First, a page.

Though it's been three years since the last album of all-new material from The Foreign Exchange, solo projects and albums from other members of the +FE crew have filled the interim nicely -- not to mention their live set Dear Friends. However, there's nothing like when Phonte and Nicolay come together to bring us their unique, world-traveled brand of R&B. But, with such a long break between projects and a proliferation of material, it's easy for fans to wonder if that magic that once was has been lost. So, with all that said, what's to be expected when you take a listen to their latest effort, Love In Flying Colors?
Let me just say that if you doubted the quality that FE would bring to this project, you were sorely mistaken. Like each of their previous efforts, Love In Flying Colors is a melting pot of R&B and soul that transcends the manufactured dreck found in much of mainstream R&B. It sets out of the gate running with "If I Knew Then," which features Dallas singer Carmen Rodgers. Reminiscent of the work that FE's Nicolay did with his City Lights series, the track moves quickly with a refreshing, progressive sound as Phonte and Carmen harmonize beautifully. Keeping the momentum going, frequent collaborator Sy Smith sits in for "Right After Midnight," a funky little jam that mixes a bit of the '80s with a bit of international flair. "Better" is the album's first standout, however. It's bass bump and piano-led groove is sure to get your head nodding, but it's the way that the vocalists -- in this case Phonte, Shana Tucker and Eric Roberson -- work so well together. Don't be surprised if it's named the next single.
The '80's sound returns for "On a Day Like Today" before they slow down for "Listen to the Rain." As the title suggests, it's a melancholy melody about recovering from heartache and Phonte does the lyrics justice, revealing a vulnerability he doesn't always show. It's the perfect set up for the album's lead single "Call It Home," perhaps the song most synonymous with the sound we've come to know and love from the crew. But, just when you start to get comfortable, they try out just a small bit of house for jam "The Moment," which is sure to get toes tapping and bodies moving with its infectious groove. It's further proof that the crew can do more than just make mellow R&B, but can also switch it up now and then and do something a bit unexpected.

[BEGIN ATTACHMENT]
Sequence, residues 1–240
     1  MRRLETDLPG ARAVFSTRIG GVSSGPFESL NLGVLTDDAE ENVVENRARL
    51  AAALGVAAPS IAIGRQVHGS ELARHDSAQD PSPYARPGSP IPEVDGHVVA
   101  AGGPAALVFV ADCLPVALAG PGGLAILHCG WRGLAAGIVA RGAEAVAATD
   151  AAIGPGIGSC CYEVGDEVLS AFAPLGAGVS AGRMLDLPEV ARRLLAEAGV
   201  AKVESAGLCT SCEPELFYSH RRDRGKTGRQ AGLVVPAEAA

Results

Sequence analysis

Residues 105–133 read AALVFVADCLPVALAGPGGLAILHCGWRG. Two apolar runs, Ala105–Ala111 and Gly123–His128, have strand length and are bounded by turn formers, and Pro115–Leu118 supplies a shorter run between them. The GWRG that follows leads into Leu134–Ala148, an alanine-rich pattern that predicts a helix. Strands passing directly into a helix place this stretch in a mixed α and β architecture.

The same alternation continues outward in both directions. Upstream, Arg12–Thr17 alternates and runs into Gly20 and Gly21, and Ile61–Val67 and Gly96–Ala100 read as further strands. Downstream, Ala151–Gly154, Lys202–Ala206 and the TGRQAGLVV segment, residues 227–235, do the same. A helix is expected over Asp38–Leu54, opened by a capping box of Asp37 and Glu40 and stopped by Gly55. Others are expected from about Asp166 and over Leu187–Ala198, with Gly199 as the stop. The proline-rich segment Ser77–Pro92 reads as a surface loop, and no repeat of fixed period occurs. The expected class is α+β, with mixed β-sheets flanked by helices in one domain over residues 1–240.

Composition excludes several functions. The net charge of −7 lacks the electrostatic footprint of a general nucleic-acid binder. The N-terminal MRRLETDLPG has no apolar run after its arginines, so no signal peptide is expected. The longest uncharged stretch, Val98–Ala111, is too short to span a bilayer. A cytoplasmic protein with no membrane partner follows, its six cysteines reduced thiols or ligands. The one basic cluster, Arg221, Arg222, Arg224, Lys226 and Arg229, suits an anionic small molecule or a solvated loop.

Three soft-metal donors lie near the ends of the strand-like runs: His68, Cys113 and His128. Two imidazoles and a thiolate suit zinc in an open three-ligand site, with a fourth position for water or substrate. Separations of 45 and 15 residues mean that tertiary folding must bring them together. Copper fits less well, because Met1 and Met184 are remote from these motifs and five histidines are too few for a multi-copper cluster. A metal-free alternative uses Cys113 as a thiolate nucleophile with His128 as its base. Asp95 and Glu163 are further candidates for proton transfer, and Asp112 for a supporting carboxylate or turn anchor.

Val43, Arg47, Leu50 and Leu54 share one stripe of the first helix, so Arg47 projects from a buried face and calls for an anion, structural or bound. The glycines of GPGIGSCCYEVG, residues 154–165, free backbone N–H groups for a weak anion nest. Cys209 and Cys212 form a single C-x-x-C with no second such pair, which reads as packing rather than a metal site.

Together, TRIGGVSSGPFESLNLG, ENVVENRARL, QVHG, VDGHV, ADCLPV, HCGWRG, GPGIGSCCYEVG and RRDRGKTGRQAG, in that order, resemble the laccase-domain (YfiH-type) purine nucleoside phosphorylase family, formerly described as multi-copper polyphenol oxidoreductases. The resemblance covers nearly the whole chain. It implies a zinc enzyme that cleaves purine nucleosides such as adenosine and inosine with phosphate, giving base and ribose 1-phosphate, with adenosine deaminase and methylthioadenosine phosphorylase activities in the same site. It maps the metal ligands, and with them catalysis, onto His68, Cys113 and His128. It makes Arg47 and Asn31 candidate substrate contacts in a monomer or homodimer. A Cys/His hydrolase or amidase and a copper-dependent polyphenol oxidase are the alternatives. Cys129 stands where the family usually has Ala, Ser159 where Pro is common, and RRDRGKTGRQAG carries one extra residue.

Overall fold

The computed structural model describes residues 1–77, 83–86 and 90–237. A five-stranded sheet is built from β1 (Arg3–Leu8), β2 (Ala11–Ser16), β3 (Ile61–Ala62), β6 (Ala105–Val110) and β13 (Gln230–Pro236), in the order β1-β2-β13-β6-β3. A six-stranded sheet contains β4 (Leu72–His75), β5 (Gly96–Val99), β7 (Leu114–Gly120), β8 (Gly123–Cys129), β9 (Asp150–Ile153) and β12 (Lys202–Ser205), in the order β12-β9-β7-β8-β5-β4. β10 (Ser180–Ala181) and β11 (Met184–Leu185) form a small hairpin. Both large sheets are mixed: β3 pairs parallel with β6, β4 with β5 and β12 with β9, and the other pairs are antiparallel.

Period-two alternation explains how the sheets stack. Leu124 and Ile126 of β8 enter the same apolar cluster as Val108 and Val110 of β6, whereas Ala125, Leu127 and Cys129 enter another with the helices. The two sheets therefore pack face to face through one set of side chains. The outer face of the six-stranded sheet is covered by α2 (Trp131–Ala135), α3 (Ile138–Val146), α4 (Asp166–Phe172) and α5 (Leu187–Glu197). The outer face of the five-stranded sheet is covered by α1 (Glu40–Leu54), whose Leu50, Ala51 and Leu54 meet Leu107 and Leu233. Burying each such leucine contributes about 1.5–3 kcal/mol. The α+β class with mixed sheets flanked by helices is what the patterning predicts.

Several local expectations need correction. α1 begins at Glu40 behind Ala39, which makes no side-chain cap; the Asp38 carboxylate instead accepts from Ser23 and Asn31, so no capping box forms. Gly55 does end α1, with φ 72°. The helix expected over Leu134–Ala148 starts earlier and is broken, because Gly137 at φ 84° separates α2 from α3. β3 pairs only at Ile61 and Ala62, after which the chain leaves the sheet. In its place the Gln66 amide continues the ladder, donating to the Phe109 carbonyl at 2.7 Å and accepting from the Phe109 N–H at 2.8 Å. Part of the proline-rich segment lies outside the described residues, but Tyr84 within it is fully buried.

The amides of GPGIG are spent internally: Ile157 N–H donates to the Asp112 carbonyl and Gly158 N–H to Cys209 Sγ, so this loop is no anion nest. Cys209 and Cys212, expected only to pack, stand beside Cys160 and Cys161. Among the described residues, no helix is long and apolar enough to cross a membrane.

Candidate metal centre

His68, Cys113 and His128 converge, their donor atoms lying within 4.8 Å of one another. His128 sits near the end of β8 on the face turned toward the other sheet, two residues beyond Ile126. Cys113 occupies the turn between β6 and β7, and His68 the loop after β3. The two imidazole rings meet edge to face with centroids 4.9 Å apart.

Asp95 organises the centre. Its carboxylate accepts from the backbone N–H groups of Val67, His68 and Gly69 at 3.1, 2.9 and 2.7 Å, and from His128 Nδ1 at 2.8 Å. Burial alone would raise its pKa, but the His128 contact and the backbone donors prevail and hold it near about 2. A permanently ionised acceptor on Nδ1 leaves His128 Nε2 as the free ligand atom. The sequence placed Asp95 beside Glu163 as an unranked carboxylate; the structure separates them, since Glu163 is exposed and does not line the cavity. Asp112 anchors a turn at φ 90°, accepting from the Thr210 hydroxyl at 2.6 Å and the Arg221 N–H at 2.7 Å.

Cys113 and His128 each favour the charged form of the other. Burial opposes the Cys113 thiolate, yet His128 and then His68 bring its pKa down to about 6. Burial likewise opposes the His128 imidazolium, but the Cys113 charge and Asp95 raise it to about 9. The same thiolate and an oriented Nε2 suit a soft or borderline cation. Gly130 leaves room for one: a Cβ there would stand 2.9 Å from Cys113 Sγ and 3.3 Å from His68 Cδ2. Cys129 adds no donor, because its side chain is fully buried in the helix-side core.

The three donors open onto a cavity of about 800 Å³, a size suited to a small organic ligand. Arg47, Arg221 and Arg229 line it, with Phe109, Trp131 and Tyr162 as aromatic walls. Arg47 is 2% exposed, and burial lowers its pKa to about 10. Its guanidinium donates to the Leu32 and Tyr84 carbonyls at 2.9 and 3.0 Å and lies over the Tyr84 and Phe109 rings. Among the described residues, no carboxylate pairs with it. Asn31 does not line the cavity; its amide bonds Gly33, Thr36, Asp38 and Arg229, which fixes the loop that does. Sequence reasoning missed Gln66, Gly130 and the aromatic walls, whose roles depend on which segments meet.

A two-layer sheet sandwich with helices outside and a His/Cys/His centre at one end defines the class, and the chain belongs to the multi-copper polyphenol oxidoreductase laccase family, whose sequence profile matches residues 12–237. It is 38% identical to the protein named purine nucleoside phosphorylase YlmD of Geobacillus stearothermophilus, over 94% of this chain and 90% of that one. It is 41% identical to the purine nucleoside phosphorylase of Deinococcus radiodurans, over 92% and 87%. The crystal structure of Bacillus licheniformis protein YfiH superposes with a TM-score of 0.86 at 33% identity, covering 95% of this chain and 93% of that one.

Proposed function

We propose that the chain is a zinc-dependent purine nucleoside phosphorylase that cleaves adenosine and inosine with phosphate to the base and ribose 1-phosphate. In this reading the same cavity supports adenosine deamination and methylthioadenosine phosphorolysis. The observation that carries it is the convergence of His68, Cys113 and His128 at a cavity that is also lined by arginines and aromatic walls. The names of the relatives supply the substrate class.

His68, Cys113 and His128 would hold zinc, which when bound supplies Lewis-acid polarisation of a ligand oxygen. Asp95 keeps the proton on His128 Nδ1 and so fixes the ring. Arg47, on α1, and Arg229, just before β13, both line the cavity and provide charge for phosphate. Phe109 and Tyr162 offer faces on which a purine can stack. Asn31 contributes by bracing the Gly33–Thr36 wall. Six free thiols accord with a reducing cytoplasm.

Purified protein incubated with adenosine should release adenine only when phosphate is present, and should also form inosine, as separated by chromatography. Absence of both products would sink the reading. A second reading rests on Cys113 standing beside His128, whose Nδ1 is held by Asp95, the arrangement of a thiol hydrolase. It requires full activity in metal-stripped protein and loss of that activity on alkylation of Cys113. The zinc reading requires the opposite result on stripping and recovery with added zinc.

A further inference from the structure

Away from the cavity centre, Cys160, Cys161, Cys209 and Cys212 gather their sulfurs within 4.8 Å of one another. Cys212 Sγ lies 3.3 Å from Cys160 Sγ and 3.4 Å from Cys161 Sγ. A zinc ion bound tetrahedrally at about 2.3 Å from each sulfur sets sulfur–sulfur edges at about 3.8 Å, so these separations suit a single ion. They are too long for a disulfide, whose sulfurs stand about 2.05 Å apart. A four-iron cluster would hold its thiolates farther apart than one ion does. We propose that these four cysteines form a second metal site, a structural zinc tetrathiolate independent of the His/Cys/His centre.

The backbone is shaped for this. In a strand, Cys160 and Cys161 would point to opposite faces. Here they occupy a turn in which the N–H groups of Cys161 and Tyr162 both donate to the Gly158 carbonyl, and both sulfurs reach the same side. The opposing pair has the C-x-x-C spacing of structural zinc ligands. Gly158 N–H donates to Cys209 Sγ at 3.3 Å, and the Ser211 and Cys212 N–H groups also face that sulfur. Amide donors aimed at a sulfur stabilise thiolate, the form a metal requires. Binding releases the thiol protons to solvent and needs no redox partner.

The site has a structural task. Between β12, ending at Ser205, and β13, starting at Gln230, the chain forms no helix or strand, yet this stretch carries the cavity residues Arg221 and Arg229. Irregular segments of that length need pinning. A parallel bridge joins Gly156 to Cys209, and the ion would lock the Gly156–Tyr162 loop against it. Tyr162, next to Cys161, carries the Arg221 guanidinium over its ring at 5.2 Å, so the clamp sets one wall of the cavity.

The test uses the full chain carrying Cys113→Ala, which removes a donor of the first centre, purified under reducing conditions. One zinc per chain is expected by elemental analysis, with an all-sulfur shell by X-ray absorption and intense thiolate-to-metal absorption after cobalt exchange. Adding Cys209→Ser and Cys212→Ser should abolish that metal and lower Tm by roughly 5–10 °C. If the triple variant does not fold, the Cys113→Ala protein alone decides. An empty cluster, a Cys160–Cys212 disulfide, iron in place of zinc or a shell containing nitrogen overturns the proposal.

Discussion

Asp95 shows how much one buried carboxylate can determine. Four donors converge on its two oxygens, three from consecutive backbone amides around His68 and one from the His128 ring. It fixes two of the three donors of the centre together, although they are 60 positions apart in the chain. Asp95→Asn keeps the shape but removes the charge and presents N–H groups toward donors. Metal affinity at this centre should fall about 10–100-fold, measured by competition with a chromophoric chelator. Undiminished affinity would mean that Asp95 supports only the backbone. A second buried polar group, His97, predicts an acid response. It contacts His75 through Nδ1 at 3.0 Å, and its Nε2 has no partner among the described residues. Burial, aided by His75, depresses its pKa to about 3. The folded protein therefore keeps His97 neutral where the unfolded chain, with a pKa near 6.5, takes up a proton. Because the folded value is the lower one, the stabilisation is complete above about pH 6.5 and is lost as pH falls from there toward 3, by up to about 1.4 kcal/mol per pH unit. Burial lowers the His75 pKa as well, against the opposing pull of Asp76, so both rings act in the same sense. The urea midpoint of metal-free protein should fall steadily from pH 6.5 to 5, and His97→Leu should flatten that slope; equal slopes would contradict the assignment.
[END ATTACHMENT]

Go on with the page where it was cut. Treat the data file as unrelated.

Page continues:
They end the album with a strong trio of songs that utilize female guest vocalists. "Can't Turn Around" features Gwen Bunn and grooves with best of them as Phonte taps into his falsetto a bit. But it's the end of the song that really hooks you, with Gwen's sugary sweet vocals adding a counterpoint as the songs works itself up to the climax. The Carlitta Durand-featuring "Dreams Are Made for Two" is a dreamy joint with an elastic synth bass groove that cruises along nicely as Phonte takes the verses and Carlitta effortlessly handles the chorus. The album's swan song, "When I Feel Love," enlists honey-voiced Jeanne Jolly to do the honors and ends the set on a definite high note.
Just as with any +FE release, the level of quality on Love In Flying Colors is exceptional. Though it at times sticks to the formula that we've come to know from them, they aren't afraid to shake things up or add something a new into the mix. While we hope not to have to wait another three long years for the next project, I'm positive that this will hold until that time and then some.